Wantage is a historic market town dating back to the Roman times. The Roman village of Wantage originally was built to serve the agricultural community in the surrounding countryside. The village appears to have been built in the 1st Century and survived well into the 4th Century.
In the Saxon period, there was a royal palace in Wantage. It is here that King Alfred the Great was born in 849.
Weekly trading rights were first granted to Wantage by Henry III in 1246. Markets are still held twice weekly on Wednesdays and Saturdays.
Traditional trades in Wantage included the manufacture of hemp, sacking, hats, tallow and tanning. By the 19th Century, focus had turned to the manufacture of agricultural tools.
Lord Wantage became a notable local and national benefactor in the 19th Century. He was involved in founding the British Red Cross and paid for a marble statue of King Alfred for Wantage market place.
Wantage was part of Berkshire until 1974 when it became part of the Vale of White Horse district of Oxfordshire.
Bear Hotel, Wantage. Source.
The Grade II listed Bear Hotel was established in the early 17th Century, although the exact date is that the building was built is unknown.
The three storey hotel still has the coachway through the façade to the yard behind and several timber sash windows dating from the 17th, 18th and 19th Centuries.
The Bear Hotel still operates as a hotel, bar and restaurant today.
Old Surgery House, Vale and Downland Museum
The Grade II listed house at Vale and Downland Museum was rebuilt in 1780 by Lawrence Hazell, a clothmaker, who dated a stone bearing his initials over the central first storey window.
From the middle of the 19th Century until 1974 the house was the local doctor’s surgery, giving it its name, the Old Surgery.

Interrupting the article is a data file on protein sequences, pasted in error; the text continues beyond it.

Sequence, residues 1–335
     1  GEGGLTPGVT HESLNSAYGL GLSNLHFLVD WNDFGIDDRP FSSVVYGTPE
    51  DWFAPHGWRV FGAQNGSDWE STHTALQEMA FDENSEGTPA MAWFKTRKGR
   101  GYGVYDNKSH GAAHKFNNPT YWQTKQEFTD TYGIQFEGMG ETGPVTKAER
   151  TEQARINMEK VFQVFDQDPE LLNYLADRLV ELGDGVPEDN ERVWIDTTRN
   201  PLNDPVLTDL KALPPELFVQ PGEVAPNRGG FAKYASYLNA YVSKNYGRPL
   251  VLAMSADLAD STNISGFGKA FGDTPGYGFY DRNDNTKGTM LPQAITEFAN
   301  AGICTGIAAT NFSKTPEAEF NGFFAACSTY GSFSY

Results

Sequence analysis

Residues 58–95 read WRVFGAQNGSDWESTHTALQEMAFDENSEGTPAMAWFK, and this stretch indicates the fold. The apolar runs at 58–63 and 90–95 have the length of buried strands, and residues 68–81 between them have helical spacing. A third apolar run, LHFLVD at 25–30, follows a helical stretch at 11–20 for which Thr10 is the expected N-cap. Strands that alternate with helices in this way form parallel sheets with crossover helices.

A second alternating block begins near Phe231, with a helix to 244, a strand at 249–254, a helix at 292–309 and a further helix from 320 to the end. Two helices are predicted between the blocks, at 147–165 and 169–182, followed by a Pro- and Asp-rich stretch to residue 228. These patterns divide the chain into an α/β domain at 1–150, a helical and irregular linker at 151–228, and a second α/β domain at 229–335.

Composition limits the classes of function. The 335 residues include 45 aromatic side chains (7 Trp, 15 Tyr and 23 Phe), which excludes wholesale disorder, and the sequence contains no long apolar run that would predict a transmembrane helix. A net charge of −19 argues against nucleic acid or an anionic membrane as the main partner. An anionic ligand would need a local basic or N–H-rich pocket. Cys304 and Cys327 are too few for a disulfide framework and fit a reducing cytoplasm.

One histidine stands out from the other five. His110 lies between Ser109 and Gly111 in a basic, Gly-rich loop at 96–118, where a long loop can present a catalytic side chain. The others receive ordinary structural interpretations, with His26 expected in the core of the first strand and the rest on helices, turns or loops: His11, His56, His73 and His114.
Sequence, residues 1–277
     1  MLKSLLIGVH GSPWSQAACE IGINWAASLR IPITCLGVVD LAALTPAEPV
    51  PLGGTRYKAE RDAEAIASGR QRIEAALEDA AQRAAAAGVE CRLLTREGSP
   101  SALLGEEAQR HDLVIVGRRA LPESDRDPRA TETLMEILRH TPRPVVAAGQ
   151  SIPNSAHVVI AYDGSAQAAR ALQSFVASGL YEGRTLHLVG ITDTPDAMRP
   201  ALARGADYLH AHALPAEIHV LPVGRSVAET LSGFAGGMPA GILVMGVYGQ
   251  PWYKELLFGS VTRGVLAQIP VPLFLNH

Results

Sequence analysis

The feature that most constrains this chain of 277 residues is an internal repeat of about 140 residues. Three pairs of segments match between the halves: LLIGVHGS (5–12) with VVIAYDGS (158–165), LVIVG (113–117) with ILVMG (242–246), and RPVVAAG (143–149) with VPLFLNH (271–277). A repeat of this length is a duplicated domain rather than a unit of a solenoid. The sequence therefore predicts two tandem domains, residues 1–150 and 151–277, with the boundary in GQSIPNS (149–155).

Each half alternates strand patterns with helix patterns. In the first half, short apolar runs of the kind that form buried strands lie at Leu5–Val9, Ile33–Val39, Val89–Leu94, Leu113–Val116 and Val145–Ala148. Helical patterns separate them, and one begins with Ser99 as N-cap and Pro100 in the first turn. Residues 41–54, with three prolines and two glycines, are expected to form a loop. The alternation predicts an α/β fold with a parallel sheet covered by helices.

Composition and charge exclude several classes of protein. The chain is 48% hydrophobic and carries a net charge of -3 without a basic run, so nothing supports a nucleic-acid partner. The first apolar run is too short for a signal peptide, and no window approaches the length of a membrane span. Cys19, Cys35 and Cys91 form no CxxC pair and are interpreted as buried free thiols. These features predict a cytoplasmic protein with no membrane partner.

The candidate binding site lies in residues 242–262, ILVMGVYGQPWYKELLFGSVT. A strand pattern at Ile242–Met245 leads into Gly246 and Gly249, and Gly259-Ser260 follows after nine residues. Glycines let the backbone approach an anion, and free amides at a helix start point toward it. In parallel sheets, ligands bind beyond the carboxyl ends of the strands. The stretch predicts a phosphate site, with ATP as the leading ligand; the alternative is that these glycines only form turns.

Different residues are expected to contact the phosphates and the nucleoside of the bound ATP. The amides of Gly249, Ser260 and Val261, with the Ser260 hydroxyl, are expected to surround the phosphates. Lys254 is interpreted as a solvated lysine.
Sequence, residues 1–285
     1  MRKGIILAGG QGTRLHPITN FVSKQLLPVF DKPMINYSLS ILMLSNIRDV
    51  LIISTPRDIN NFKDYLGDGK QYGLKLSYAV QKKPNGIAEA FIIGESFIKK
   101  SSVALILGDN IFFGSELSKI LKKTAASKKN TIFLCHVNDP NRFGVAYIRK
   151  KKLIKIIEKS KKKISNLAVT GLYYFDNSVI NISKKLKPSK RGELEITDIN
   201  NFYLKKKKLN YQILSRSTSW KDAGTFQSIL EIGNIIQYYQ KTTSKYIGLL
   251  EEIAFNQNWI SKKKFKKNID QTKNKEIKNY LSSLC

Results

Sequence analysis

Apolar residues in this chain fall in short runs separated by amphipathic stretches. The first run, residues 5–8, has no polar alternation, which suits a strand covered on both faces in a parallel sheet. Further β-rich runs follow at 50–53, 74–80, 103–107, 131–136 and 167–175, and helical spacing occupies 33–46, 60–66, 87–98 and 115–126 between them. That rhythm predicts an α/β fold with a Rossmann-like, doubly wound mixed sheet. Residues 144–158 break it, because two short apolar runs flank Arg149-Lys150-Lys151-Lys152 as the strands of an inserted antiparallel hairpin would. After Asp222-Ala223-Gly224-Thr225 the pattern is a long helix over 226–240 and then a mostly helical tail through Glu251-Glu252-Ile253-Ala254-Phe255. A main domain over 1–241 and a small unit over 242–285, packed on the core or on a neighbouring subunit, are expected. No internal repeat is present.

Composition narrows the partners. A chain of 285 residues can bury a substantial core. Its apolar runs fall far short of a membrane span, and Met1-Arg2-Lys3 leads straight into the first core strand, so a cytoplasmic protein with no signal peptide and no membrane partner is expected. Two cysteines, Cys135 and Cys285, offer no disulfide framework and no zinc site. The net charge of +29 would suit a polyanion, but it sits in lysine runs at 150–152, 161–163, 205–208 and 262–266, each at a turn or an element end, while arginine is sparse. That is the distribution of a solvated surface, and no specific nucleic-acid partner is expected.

Vale of White Horse District Council then brought the site and leased it to the museum trust. The museum centre formally opened in 1983, with improvements to the main gallery completing in 1999.
Today both the museum and offices are located within the converted 17th Century house, which still has its late 18th Century and mid 19th Century timber sash windows.
King Alfred’s School, Wantage. Source.
King Alfred’s School
Originally the location of a chapel, the building was converted in 1597 to accommodate a grammar school. The original grammar school was discontinued in 1832 when only one pupil was in attendance.
In 1850 a new building was designed by Reading architect, J.B. Clacy and built to commemorate the millennium of King Alfred’s birth. The original chapel was demolished. However, a tall carved Norman doorway was saved and incorporated into the new school building.
In 1851 the new school, King Alfred’s Grammar School opened. The school prospered until the 1900s. In 1944 the school became Wantage Grammar School and pupil were admitted by examination. Later in 1972 the school began to share facilities and teachers with two other local schools, Icknield Comprehensive and Segsbury Secondary Modern.
The school then merged with the other schools in 1984 and is now known as King Alfred’s School. Today the building, which has a mixture of timber sash windows and casement windows, is Grade II listed and still used as part of the school.
Timber Windows in Wantage
Timber windows can be found in several period properties across Wantage. Conservation areas cover both the town centre and Charlton area, helping to protect the heritage of the area. The town is also home to over 150 Grade II listed, with four Grade II* listed and one Grade I listed buildings.
At The Sash Window Workshop we specialise in the replacement and repair of timber windows and doors across London and the South. Where necessary, we can comply with listed building and conservation area requirements. To obtain a free, no obligation quotation, contact us on: 01344 868 668.